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Review: CLOWN (2019)

With the second It film coming out and killer clowns, in general, being popular you know The Asylum, (Flight 666, Triassic World), was going to get in on the action. And they have with Clown, (no relation to the 2014 film), a film that wastes a good premise and setup due to lacklustre execution.

Back in 1994 a small circus, it’s more of a carnival really, sets up in a small desert town. For reasons that are never made very clear, the townspeople grab their guns and kill off the circus folk. All except for one little boy.

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25 years later, a group of college kids on their way to a music festival make a pit stop in the desert. Davy (Taylor Watson Seupel) wanders off to get some pictures for his Instagram channel. He finds the carnival’s funhouse instead. He also finds out that that little boy is still there, and all grown up. Meet our villain, Thoth The Clown (Dave Klec).

The rest of the crew slowly straggle along looking for him. They find the town and then the funhouse. Hearing sounds from inside, they go in looking for Davy. Big mistake, as Thoth has turned its features into lethal traps. It’s his house and that’s his idea of fun.

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With the deserted attraction setting as well as some creepy dolls that bring to mind Tourist Trap. There are elements of The Funhouse and Killer Klowns From Outer Space as well. Add in a large cast of potential victims, and Clown had some real potential.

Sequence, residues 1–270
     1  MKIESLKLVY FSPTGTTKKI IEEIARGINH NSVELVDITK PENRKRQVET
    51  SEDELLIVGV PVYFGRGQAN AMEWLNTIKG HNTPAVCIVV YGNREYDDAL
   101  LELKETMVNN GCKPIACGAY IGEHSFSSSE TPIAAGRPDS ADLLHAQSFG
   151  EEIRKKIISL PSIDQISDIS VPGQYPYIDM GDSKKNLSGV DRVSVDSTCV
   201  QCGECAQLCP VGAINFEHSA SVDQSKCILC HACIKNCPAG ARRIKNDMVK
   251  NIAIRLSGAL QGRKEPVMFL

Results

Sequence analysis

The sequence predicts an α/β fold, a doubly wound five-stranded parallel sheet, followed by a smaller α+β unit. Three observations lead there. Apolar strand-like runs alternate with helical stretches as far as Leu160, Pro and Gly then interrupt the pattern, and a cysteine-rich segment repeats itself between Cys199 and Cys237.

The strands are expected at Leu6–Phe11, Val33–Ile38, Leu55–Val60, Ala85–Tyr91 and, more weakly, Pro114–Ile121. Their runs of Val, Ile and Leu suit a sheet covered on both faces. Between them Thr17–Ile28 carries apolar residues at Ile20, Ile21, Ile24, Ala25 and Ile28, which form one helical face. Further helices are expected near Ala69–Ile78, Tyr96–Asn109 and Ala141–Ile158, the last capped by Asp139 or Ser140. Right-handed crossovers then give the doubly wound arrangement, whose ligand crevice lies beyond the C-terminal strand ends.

Sadly, Clown lets most of that potential trickle away. The characters are all one-dimensional clichés, Gordy (Sam Lazarus), the fat kid who whines a lot. Austin (Adam Elshar), the muscular one who fights back, etc. The girls seem to be there just to look cute and scream a lot. It takes far too long for the killings to start and when they do, they’re fairly lacklustre for the most part. There is one scene with killer dolls that’s quite effective. Especially since it’s not clear just how he’s controlling them, which also made me think of Tourist Trap and its telekinetically controlled mannequins

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There are also a few huge plot holes that hurt Clown. After being abandoned for 25 years, the town looks very well cared for, right up to the fresh police tape on building doors. And where does the electricity come from? Has Thoth used the quarter-century to make his own solar panels? But I suppose logic is a bit much to ask from writer/director Eric Forsberg. His previous collaborations with The Asylum include Snakes On A Train, Ghost Shark, and Arachnoquake.

A dull, by the numbers disappointment, Clown is available on streaming services. You can look for details on The Asylum’s website and Facebook page.

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